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Farm future explored in 'Corn!'
Special to The Post-Star
Published: Friday, July 17, 2009

SALEM - The Fort Salem Theater is the home of a world premiere of the new musical play by Al Budde, with music and lyrics by the theater's artistic director, Jay Kerr.

"Corn! The Musical" gives us a look at the struggle farmers are facing today and offers a solution not only to that struggle but to many other of life's problems faced -- not only by farmers, but by all of us.

If it sounds heavy, think again. Life must be faced with optimism and a sense of humor if one is to succeed.

Briefly, the story is that after having been in the Settle family since 1784, the many acres of cornfields are no longer profitable. Add to that the fact that eventually there comes into every family a generation not suited to nor interested in maintaining the same family lifestyle.

It's now spring 2008, and the patriarch of the family, Bo Settle, has died. His extensive farmland is now in the hands of his wife Laney, his son Chester and his daughter Molly. Neither Chester nor Molly want to continue living off the corn fields. And there is Laney's brother, Uncle Mark, who has lived and worked on the farm all his life but can't run it by himself, even if that were an option.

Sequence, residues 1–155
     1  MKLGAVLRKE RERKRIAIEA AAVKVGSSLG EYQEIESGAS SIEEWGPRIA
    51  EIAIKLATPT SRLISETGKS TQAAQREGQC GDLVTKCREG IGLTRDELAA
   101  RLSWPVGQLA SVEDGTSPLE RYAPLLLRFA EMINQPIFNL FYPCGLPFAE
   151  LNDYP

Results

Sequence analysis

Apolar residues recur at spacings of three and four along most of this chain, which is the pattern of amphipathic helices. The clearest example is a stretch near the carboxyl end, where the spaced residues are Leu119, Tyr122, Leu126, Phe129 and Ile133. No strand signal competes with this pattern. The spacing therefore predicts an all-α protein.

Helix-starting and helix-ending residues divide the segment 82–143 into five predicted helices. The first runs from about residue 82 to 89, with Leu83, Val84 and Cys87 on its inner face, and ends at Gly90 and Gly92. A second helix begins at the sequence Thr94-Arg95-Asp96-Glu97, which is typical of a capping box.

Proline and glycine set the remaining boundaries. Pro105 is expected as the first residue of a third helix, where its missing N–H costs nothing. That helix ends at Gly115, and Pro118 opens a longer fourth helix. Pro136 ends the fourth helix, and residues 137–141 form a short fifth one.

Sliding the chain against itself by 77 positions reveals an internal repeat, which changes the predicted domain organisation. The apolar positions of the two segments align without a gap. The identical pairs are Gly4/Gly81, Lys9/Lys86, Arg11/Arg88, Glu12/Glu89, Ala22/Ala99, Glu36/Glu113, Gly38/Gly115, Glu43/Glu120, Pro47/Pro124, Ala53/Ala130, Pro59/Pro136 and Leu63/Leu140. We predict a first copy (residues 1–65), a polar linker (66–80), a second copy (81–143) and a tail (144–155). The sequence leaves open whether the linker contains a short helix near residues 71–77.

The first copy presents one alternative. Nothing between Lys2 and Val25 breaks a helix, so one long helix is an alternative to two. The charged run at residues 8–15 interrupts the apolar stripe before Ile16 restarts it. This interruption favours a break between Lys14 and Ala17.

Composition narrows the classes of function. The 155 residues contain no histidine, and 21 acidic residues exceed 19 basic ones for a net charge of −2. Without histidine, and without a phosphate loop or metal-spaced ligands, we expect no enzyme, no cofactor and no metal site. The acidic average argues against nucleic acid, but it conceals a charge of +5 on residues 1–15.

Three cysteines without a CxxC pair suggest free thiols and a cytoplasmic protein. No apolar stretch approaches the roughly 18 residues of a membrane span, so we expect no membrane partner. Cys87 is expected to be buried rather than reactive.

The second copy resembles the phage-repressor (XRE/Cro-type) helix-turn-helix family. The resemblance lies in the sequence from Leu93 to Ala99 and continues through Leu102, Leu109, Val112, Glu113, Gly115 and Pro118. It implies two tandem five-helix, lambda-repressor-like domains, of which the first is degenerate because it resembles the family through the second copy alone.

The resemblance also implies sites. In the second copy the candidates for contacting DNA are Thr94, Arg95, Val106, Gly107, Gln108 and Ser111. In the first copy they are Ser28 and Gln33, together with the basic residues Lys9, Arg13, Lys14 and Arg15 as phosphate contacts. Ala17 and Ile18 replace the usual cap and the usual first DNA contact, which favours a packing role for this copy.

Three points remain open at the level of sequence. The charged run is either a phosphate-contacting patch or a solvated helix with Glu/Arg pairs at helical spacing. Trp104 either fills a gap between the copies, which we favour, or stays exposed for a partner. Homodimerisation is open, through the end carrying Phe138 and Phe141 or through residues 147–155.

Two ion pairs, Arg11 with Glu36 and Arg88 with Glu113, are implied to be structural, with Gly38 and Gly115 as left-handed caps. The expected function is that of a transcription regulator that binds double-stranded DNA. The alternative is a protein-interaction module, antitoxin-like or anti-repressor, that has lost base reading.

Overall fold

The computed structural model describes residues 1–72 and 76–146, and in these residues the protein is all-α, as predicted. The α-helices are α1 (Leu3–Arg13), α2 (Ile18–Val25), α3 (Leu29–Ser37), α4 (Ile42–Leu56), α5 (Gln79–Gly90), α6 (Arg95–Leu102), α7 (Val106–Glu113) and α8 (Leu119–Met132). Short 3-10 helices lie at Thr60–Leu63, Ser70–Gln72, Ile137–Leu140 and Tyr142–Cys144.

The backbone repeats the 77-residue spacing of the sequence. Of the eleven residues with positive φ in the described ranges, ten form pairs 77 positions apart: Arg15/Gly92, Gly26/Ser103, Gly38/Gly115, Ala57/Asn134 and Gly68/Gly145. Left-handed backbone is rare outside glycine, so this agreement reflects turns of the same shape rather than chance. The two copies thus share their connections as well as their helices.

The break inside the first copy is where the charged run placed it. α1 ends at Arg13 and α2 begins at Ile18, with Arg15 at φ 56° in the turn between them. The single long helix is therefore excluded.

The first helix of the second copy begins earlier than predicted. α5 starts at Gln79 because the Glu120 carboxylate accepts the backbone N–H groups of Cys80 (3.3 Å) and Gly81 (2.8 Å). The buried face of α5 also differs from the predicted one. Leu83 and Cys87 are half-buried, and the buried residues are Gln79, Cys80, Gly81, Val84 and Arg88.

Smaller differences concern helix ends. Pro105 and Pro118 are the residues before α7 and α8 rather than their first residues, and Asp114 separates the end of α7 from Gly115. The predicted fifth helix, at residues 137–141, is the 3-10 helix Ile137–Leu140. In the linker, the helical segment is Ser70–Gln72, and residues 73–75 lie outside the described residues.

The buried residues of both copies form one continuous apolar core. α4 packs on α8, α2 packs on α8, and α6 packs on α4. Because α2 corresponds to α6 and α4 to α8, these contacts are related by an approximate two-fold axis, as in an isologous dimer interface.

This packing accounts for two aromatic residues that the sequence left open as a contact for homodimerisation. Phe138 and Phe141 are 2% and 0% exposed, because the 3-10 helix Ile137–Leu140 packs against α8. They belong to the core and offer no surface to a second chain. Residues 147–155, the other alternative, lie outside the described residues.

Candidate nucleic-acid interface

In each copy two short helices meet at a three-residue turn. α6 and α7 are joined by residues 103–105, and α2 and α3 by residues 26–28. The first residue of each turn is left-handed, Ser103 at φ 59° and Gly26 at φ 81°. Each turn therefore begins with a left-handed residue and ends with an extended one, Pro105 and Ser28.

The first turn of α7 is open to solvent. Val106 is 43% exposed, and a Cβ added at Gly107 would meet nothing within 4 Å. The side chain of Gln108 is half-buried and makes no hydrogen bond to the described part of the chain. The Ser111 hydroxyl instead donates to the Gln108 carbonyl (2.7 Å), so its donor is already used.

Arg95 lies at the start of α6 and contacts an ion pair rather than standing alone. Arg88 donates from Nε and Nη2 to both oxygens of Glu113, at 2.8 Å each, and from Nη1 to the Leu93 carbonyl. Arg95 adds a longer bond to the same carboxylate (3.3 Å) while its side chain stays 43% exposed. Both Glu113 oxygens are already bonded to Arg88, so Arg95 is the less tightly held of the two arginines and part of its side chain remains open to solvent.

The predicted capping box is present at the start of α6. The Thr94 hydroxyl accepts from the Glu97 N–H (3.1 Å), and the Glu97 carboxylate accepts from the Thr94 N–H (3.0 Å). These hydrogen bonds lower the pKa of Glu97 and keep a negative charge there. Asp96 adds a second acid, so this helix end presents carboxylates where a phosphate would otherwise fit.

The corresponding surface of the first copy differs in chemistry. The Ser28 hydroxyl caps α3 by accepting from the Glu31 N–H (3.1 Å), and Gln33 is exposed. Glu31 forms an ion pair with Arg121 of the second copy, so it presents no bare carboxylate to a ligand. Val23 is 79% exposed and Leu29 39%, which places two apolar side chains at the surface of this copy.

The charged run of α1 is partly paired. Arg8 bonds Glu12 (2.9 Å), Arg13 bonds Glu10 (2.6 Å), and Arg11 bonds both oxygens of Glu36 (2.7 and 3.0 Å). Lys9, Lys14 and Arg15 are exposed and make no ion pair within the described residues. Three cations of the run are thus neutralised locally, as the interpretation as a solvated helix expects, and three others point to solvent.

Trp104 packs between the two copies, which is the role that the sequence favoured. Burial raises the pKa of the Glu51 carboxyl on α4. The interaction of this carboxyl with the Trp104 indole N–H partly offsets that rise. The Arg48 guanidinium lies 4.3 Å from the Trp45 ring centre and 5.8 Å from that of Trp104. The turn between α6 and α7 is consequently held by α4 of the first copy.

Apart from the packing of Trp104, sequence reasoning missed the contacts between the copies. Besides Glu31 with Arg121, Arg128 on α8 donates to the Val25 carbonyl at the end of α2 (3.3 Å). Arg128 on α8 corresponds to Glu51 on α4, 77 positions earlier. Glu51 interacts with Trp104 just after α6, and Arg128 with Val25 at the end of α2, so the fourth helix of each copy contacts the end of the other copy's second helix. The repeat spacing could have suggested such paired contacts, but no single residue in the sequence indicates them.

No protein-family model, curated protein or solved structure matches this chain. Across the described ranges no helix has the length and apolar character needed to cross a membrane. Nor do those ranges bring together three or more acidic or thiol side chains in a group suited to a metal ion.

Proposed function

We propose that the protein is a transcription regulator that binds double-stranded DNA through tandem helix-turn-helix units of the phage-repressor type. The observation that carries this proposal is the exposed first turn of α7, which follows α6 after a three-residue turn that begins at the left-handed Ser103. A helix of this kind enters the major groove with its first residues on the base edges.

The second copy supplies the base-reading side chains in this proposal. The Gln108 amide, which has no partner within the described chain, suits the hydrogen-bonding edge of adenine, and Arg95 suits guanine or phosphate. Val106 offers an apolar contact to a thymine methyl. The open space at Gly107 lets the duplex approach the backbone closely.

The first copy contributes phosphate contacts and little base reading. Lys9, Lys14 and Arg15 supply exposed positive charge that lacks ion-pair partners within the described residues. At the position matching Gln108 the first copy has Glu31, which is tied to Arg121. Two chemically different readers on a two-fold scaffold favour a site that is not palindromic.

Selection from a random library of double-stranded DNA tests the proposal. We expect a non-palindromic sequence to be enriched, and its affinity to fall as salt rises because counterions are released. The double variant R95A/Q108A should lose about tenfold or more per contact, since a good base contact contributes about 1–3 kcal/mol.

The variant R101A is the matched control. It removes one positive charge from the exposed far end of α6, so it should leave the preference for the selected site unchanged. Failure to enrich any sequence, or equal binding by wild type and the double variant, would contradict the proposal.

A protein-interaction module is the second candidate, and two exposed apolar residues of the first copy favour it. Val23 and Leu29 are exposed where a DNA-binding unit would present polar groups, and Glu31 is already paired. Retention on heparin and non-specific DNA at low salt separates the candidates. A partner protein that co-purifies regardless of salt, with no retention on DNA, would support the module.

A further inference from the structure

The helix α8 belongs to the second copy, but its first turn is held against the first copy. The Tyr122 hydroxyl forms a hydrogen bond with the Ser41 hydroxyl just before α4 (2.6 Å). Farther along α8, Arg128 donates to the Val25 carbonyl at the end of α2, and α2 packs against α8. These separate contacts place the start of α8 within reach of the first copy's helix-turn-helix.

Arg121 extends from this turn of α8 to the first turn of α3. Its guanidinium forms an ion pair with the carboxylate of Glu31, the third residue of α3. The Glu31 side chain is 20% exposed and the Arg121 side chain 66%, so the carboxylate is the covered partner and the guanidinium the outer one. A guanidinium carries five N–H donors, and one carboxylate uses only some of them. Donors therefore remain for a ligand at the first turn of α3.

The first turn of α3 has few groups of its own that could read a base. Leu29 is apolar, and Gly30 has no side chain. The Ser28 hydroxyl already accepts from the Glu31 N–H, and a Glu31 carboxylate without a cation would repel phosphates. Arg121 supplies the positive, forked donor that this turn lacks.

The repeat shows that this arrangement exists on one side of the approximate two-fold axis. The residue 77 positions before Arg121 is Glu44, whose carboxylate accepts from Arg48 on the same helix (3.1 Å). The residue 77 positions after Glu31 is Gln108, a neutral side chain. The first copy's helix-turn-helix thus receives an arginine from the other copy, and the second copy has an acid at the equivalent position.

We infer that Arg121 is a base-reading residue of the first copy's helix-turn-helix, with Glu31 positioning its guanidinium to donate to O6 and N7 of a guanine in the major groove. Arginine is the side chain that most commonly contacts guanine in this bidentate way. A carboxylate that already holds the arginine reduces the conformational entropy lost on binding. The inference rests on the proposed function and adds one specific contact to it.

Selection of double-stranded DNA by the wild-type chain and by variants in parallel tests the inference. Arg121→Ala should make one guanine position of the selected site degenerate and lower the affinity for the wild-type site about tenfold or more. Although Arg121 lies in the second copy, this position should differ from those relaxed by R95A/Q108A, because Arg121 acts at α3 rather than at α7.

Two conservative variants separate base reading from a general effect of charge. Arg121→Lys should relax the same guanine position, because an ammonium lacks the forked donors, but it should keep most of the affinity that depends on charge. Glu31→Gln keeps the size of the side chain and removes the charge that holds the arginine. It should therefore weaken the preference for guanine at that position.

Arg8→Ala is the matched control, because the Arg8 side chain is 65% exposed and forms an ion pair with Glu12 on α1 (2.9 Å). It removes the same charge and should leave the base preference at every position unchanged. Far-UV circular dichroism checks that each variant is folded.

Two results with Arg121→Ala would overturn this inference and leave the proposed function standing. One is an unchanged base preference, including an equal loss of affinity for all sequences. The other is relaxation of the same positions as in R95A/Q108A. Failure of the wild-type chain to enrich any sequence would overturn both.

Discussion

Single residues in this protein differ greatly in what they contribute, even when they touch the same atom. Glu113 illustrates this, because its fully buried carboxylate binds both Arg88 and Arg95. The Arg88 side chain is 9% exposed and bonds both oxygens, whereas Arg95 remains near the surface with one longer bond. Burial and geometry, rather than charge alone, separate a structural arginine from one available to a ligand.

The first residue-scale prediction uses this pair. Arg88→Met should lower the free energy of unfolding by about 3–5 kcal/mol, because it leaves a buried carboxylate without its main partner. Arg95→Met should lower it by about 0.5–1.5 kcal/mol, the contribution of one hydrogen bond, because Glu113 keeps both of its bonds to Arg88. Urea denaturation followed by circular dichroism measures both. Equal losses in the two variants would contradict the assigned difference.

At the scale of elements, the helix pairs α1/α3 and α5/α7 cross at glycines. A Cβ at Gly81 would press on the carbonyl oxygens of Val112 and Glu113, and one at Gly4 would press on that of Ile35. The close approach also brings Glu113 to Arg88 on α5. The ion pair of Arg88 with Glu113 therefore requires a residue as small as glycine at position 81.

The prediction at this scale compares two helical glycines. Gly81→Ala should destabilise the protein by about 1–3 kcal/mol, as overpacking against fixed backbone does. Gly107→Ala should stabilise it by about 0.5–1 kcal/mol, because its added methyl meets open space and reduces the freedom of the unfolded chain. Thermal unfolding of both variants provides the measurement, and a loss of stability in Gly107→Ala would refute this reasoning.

A family crisis looms. Chester's response is expressed in "I Could Never Be a Farmer." Molly wants to explore the world rather than stay put on the farm. Their mother laments the loss of her husband while her brother supports keeping the farm in the family.

As the plot continues, the audience savors the delightful music, the generous bits of humor and admirable acting by a group of excellent performers from far and near. Tom Flagg as the father, Susan Cicarelli Caputo as the mother and Shannon Rafferty as son Chester's greedy girlfriend, Shelby, all hold Equity status.

Chester is played by David Hancock Turner while Molly is played by Jessica O'Keefe. Molly's admirer, Brad Stiles, a young lawyer handling the estate, is played by Peter Kidd and Uncle Mark is played by Dan Garfinkel. The whole cast is excellent, whether acting or singing, making this show a genuine crowd pleasing experience.

Tyler Budde directs, while Jay Kerr provides musical accompaniment.

Sarah Rogers has created an attractive and appropriate set including a farmhouse kitchen and a nearby barn.

"Corn! The Musical" is an exciting, energetic and well performed theatrical delight. And, perhaps best of all, it's far from corny as we watch this brave family get on with their lives.

Fort Salem Theater
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